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Known as “thedarkoverlord”, a hacker is selling a batch of data that includes 9.2 million health insurance records from US patients for $480,000 on the dark web. These records include names, addresses, emails, phone numbers, DOB, and SSN’s. The hacker did not have any points to his name on the dark web, which shows that he is new to the site. Motherboard contacted some of the users, who confirmed that their information in the database is accurate. This large data breach is joining the long list of hacks into healthcare records. To read more on “thedarkoverlord” and how he acquired the health records, read the full article on ZDNet.
World-Check, an anti-terrorist database run by Thompson Reuters, has been leaked online. This breach has exposed more than two million records pertaining to organizations and individuals accused of criminal offenses. Notable security researcher, Chris Vickery discovered the breach and claimed that the two-year-old data was being held by an unprotected third party. This database contains law enforcement records, social media posts, and other sources that link these suspects to terrorism and crimes. Digital Guardians’ Luke Brown argues that even if the contents of a database are bad, whoever stores it has a responsibility to look after it and secure it. To learn more about this hack, read more on Infosecurity Magazine.
This week, both Noodles & Company and Hard Rock Hotel and Casino Las Vegas have announced that their credit card payment systems have been breached and that customer credit information has been stolen. The breach at Noodles & Company was caused by a malware that had rooted in the card processing system in over four hundred locations between January 31, 2016 and June 2, 2016. After hearing about unusual credit card activities, the company started working with third-party investigators to secure its systems and customer information. At Hard Rock Hotel and Casino Las Vegas, card scraping malware pulled payment information from cards being read. The millions of customers who visited the hotel or restaurant between October 27, 2015 and March 21, 2016 are at risk. This breach follows the trend in PoS attacks in hotels and restaurants, including Wendy's. Learn more about the breach in the full article.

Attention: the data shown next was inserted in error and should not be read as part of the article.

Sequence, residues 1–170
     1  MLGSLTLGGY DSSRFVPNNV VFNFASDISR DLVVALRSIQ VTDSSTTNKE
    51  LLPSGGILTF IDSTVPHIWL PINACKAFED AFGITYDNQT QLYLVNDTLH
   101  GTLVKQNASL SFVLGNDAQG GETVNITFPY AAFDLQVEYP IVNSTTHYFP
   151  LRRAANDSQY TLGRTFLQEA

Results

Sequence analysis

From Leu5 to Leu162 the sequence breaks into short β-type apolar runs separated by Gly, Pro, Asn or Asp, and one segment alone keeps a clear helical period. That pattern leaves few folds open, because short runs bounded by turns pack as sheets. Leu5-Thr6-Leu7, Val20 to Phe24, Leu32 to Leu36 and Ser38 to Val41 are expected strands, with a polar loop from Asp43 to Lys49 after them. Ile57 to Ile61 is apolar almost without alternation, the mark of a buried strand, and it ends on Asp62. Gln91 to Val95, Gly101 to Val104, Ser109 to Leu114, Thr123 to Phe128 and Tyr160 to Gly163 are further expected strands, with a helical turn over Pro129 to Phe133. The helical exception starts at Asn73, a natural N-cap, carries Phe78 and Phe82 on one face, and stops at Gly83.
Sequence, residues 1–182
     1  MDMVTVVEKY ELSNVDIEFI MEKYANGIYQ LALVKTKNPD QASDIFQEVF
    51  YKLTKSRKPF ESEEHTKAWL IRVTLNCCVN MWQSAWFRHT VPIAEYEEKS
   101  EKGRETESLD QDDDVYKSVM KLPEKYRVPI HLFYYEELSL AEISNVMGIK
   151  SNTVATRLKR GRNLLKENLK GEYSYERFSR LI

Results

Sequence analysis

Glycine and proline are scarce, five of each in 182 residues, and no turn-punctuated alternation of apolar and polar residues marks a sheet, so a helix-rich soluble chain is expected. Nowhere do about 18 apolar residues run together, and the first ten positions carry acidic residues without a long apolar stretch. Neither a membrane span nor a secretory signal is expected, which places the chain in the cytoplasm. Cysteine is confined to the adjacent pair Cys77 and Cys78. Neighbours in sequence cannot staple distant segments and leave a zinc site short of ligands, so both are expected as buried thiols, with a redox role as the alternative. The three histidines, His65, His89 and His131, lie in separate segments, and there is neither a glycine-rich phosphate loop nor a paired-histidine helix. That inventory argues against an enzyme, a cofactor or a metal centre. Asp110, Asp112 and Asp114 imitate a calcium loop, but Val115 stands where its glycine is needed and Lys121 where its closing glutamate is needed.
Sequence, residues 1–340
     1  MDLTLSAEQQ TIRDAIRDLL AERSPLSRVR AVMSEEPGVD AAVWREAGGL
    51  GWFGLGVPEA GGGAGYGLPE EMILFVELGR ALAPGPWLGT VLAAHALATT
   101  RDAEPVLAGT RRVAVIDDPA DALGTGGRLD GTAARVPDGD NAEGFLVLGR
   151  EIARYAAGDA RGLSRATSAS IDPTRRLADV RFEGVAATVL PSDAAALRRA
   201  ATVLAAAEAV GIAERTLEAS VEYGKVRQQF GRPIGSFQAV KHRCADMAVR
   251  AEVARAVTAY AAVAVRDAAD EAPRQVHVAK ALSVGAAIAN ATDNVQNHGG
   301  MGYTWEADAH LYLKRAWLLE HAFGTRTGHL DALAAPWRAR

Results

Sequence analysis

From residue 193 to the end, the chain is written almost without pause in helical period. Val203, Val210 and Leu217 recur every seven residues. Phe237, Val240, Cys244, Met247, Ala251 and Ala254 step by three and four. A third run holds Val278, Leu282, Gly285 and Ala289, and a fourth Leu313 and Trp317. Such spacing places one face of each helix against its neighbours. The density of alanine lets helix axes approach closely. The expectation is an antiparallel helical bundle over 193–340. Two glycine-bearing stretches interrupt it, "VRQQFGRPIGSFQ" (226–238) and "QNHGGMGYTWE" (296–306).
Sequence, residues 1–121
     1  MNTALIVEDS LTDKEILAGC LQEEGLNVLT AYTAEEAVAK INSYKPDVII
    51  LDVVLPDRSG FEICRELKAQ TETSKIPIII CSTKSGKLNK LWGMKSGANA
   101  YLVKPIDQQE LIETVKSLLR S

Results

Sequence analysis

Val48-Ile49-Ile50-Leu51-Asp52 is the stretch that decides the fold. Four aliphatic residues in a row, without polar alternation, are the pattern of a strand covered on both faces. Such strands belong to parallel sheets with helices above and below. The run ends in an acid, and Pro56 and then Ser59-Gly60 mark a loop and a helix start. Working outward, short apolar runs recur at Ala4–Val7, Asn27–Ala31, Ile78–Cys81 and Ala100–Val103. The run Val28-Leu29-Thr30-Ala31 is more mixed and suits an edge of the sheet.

A new malware called Hummer is estimated to be one of the largest families of Trojans ever. Based in China, it targets users in population-dense areas around the world. Like its predecessors, the Hummer malware will root itself in the phone and install apps and malware with surprising ferocity that cannot be stopped even by a factory reset. Experts believe that the malware has at least eighteen different rooting methods. To learn more about Hummer and how to remove it, read the complete article.
For the past few years, the IRS has allowed online tax software companies to provide customers with a PIN in order to make the tax return process more efficient. Hackers have continually targeted these PINs because they would unlock a trove of confidential information that could be sold for money on the dark web. As of last week, the IRS has revoked its PIN system due to the increased number of automated attacks on its systems and the successful breaching of 101,000 PINs. This means that taxpayers must use copies of their previous tax returns to manually fill in any prior year information that the IRS requests. Visit the full article for more information.